The Key to Making Disciples and not just "Consumers of Christian Culture."

For many years, I've undervalued a crucial part of Jesus' invitation to become a disciple.  After 10 years in ministry, this is something I'm just beginning to truly understand.  



I like to be inside, much more than outside. I really do love to experience nature, as long as I have a beautiful hotel room waiting for me when it’s all said and done.  As Jim Gaffigan puts it, I’m pretty, “indoor-sy.”  Imagine my confusion as I began to study the true meaning of living as a disciple.

If our churches are going to thrive in the next decade, producing genuine believers and not just consumers of Christian culture, this is a subject we’ve got to get a handle on.  Volunteers, givers, and regular attenders are awesome, but disciples are what Jesus commanded us to go and make.  I’ve grown up in church, and for the past decade, I’ve worked at an amazing church.  Even I have to admit that some times this subject seems a little unclear.

As we prepare to plant Spring of Life church, I’ve really begun to look into this idea.  There are a couple of things that are pretty obvious in scripture.  First, a disciple is someone who follows after Jesus.  We see this in the first encounter Jesus had with his future disciples, Peter and Andrew.  In order to truly be called a disciple, you have to be hungry for Jesus.  You have to lean into what He says, be willing to drop some stuff and to go where He goes.  There is a second qualifying factor for disciples that we find in Jesus’s innovation, that we often neglect.

Here it is —

Follow me, and I will make you fishers of men.
Matthew 4:19

Um… ok.  I want to be a good Christian and everything, but I tried fishing once.  It didn’t go so well.  My Uncle lived on the lake when I was growing up.  One afternoon my dad took my brother and I down to the water.  I had grand ambitions as my dad baited my hook.  I learned back, pushed the little button on my Donald Duck fishing rod, and swung my arm forward. I caught something on my line!  The bad news, it was my uncle’s black Labrador. That officially ended my fishing career.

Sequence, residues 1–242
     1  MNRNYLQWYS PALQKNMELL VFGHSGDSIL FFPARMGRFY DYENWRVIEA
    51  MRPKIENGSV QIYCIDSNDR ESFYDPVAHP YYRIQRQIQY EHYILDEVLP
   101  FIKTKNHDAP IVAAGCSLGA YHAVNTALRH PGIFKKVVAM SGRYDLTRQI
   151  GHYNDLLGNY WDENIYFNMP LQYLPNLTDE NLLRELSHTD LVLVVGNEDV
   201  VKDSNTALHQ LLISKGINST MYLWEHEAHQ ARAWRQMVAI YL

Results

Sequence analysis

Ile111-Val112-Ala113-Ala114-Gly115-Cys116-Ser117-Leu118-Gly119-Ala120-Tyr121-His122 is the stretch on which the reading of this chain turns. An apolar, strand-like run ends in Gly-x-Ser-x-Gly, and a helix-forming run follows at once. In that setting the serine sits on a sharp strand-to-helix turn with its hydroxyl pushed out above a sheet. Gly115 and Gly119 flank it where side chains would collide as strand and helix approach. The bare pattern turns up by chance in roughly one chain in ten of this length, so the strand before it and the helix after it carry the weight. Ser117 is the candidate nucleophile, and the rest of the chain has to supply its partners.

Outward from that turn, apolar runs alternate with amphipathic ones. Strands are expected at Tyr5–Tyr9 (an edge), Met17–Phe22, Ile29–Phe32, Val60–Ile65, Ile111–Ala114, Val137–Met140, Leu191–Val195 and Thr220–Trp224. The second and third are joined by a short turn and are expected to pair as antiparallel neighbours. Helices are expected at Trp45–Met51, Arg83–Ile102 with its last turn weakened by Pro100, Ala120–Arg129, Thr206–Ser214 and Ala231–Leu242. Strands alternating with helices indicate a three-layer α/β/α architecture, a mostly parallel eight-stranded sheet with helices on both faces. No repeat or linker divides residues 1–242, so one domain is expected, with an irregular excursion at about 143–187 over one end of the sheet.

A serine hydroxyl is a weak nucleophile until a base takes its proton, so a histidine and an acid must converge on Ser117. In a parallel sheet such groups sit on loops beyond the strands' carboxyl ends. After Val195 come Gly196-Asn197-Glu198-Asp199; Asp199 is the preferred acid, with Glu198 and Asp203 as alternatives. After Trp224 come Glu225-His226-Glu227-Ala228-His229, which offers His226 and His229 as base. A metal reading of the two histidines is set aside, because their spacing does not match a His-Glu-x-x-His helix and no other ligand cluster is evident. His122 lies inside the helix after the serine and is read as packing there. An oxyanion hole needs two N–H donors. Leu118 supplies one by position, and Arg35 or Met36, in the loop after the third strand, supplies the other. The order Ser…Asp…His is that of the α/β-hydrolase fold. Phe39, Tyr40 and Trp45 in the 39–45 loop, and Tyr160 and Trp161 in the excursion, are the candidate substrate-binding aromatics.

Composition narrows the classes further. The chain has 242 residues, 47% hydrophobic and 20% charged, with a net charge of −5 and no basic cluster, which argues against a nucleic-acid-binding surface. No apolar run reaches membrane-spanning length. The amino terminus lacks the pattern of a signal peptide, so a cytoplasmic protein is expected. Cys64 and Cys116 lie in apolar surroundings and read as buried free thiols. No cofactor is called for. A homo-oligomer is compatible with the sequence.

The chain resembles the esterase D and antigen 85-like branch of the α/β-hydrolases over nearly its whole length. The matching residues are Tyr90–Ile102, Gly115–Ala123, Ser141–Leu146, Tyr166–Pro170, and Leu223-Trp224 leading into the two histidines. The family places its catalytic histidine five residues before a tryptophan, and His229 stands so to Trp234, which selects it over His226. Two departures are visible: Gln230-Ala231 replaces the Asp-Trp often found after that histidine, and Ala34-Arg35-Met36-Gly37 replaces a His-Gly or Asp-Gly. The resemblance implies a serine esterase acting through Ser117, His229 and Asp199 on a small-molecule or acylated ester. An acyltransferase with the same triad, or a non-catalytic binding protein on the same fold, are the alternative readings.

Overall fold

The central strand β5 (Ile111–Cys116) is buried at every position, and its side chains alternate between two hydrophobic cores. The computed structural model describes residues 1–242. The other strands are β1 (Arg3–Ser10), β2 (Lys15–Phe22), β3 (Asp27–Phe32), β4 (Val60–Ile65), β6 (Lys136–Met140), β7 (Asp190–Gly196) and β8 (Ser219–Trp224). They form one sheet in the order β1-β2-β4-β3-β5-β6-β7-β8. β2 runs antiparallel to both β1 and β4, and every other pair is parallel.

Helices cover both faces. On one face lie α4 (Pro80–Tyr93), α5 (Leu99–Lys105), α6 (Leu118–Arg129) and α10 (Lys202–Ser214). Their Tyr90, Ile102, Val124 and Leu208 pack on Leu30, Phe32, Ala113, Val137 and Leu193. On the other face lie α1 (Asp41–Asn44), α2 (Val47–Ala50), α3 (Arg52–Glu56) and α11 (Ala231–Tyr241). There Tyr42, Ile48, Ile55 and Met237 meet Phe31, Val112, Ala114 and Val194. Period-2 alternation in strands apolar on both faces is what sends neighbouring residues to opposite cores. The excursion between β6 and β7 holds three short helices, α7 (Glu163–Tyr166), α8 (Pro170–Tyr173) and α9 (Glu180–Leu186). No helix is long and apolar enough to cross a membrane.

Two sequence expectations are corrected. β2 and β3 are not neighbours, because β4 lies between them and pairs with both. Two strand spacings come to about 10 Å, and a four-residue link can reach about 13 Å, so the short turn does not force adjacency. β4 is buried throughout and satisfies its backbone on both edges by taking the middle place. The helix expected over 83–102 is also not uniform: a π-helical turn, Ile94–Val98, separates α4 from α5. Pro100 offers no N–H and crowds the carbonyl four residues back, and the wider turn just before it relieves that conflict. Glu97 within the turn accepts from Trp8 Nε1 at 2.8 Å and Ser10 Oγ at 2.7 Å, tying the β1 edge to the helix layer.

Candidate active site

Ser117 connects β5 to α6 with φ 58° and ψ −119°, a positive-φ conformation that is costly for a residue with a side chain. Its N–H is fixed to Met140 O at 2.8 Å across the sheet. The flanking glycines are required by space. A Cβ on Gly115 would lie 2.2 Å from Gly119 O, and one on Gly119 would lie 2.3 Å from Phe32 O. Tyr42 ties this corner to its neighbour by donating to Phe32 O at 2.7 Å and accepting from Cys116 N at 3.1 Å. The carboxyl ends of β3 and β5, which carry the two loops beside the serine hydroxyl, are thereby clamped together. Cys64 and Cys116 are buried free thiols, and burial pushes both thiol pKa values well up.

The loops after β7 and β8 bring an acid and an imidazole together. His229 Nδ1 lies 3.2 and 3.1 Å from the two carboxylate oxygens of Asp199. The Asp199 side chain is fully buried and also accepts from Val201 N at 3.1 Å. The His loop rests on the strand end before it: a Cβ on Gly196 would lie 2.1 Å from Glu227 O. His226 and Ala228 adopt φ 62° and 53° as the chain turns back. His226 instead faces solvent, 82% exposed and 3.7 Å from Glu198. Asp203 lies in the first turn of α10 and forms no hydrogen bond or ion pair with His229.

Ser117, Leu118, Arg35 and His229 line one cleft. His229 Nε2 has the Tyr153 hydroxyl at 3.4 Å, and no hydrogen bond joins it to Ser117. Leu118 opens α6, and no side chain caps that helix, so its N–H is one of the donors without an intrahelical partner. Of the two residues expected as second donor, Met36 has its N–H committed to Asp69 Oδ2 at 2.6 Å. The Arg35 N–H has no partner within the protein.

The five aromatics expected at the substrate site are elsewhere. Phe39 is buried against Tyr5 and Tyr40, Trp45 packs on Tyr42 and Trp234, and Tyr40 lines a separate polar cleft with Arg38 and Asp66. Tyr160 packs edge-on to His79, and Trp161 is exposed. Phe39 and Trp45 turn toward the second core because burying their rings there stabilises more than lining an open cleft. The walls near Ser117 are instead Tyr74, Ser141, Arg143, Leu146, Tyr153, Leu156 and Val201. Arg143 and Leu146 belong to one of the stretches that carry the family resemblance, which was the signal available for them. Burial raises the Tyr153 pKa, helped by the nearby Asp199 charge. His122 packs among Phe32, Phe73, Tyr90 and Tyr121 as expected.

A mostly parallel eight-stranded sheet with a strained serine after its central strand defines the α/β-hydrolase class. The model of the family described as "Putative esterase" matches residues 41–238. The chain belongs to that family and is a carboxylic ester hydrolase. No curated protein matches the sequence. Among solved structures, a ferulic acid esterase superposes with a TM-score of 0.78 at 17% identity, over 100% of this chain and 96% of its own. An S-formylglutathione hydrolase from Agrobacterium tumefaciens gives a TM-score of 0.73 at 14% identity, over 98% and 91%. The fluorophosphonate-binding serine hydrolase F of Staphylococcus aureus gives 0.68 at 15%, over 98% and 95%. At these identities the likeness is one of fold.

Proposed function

Why did Jesus phrase the essence of being a disciple in such a specific way — fishing?  I think it’s because He was talking to fishermen.  If I could have some creative license for a moment, I think Jesus was saying the following, “I know you’re not super religious.  That’s good.  I know you don’t realize your life could mean more.  It can.  Here’s what I’m offering.  I’m going to take everything that you are, and I’m going to redeem it for my purpose.  But make no mistake - my purpose is people."

Here’s how that is beginning to play out in my life.  When we first moved to Portland, I felt challenged to become “relevant.”  I asked myself, how could I get the message of Jesus in front of others.  This often resulted in brainstorming forms of ministry that felt just as foreign to me as fishing.  What I’m beginning to learn though, is that God is willing to use the real me.  He has plans for the guy that likes movies, culture, NPR podcasts, and yes…branding.



Yesterday, I met a new guy at work. He has a big, vibrant personality.  He likes to bounce Peanut Butter M&M’s off the wall and catch them in his mouth.  He’s not afraid of interrupting people to start a conversation. This might get on someone else’s nerves, but it’s a Church Planter’s dream.

I was standing in a neighboring office space with my phone, testing the light for an upcoming video shoot.  He walked in and offered to help. He asked me about what I do, and I told him I am a pastor looking to start a new church, and that I am beginning to build a creative agency.  He said, “me too — but not the pastor part.”  It turns out he has a pretty healthy client list of businesses that he’s worked with.  He’s also made some pretty sweet videos.  I told him that while I love videos, but I am striving to become a branding consultant.

“Spiritual branding?” he asked.  

“Kind of,” I responded.


I continued...

What I like about branding does have a lot in common with what I like about Jesus.  I think that bad branding tries to slap a label on the outside of something. That’s what I believe religion does.  Jesus, on the other hand, cares about who I am.  Because of my relationship with Him, He reaches in deep. He cares about every part of me.  He knows that I’m not good enough to meet God’s standard, so He is good in my place.  He is changing and growing the real me.  That’s what good branding does.  It helps people discover the gold inside of their organization.  It helps them see what they want to be, and how they can tell a better story. I love Jesus because He is rewriting my story every day.

“Cool.  I like you,” he said.  He leaned back and looked at me for a minute.  He gave me his business card and we made plans to follow up with a lunch meeting.

I’m praying for my friend, and for more open doors.  I didn’t have to use a track, an app, or a “share the gospel” outline.  (I love all of those methods, by the way.)  I just began to fish with what I had.  I am more excited everyday about what it means to be a disciple.  Now through His Spirit, I can’t wait to make some.



  • Learning without sharing creates a passive approach to faith.
  • Some of the best ministry happens outside the walls of the church.
  • Your interests are not separate from God's plan for your life.  They are the very thing God will use to connect you with others.
  • Gospel conversations are best when they are natural.
  • The more I share Jesus, the more I love Jesus.
Aaron is the pastor of Spring of Life, a new church in Portland, Oregon. He's the owner of Amplify Creative.